The wavelength of a macroscopic object like a dog walking across the room is so ridiculously tiny that if you expanded everything so that a single atom in the room were the size of the entire Solar System, the dog's wavelength would be about the size of a single atom within that solar system. This means that, for the most part, quantum phenomena are confined to the scale of atoms and fundamental particles, where the masses and velocities are small enough for the wavelengths to get big enough to observe directly.
There's an active effort in a bunch of areas, though, to push the size of systems showing quantum effects up to larger sizes. There are even some suggestions that it might be possible to do this with suspended mirrors having masses of several grams, which would be amazingly cool.
The previous point leads very naturally into this one: as weird as it may seem, quantum physics is most emphatically not magic. The things it predicts are strange by the standards of everyday physics, but they are rigorously constrained by well-understood mathematical rules and principles. That doesn't mean we can't use quantum physics to do amazing things-- you can find some really cool physics in mundane technology -- but those things stay well within the boundaries of the laws of thermodynamics and just basic common sense.
So there you have it: the core essentials of quantum physics. I've probably left a few things out, or made some statements that are insufficiently precise to please everyone, but this ought to at least serve as a useful starting point for further discussion. There's a line in Greg Bear's fantasy duology The Infinity Concerto and The Serpent Mage , where a character describing the basics of magic says "All is waves, with nothing waving, over no distance at all.
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This leads to some lively debate within the physics education community about whether it's really appropriate to talk about light as a particle in intro physics courses; not because there's any controversy about whether light has some particle nature, but because calling photons "particles" rather than "excitations of a quantum field" might lead to some student misconceptions. I tend not to agree with this, because many of the same concerns could be raised about calling electrons "particles," but it makes for a reliable source of blog conversations.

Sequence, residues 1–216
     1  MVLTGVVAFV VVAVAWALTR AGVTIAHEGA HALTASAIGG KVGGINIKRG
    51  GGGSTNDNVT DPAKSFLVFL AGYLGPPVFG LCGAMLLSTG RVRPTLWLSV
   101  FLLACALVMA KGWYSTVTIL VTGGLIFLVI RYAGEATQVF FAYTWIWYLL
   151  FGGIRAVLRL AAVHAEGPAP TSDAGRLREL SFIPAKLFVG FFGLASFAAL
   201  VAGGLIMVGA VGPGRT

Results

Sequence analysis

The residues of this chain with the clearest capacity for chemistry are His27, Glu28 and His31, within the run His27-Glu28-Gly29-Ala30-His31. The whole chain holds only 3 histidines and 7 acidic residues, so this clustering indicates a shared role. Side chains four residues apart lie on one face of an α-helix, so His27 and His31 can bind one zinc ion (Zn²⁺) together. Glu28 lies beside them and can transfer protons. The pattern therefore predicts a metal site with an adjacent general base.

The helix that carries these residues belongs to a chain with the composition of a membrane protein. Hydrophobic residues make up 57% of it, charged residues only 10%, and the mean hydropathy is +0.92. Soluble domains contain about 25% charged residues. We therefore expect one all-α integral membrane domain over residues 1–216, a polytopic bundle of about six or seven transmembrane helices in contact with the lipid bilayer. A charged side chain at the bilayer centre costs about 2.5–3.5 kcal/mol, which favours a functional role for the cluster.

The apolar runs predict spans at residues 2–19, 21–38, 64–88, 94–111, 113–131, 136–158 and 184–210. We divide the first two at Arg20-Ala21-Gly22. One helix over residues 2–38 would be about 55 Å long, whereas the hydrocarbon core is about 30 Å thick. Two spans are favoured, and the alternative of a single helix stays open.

This "door number three" nature of quantum objects is reflected in the sometimes confusing language physicists use to talk about quantum phenomena. The Higgs boson was discovered at the Large Hadron Collider as a particle, but you will also hear physicists talk about the "Higgs field" as a delocalized thing filling all of space. These oscillations created an image of "frozen" light. It's right there in the name-- the word "quantum" comes from the Latin for "how much" and reflects the fact that quantum models always involve something coming in discrete amounts.
Free download. Book file PDF easily for everyone and every device. This Book have some digital formats such us :paperbook, ebook, kindle, epub, fb2 and another formats. Welcome to Practical Physics I learned or rediscovered quite a bit of interesting astronomy and I particularly liked the short descriptions of the physics background for the chosen activities. Experiment in Physics; Experimental physics!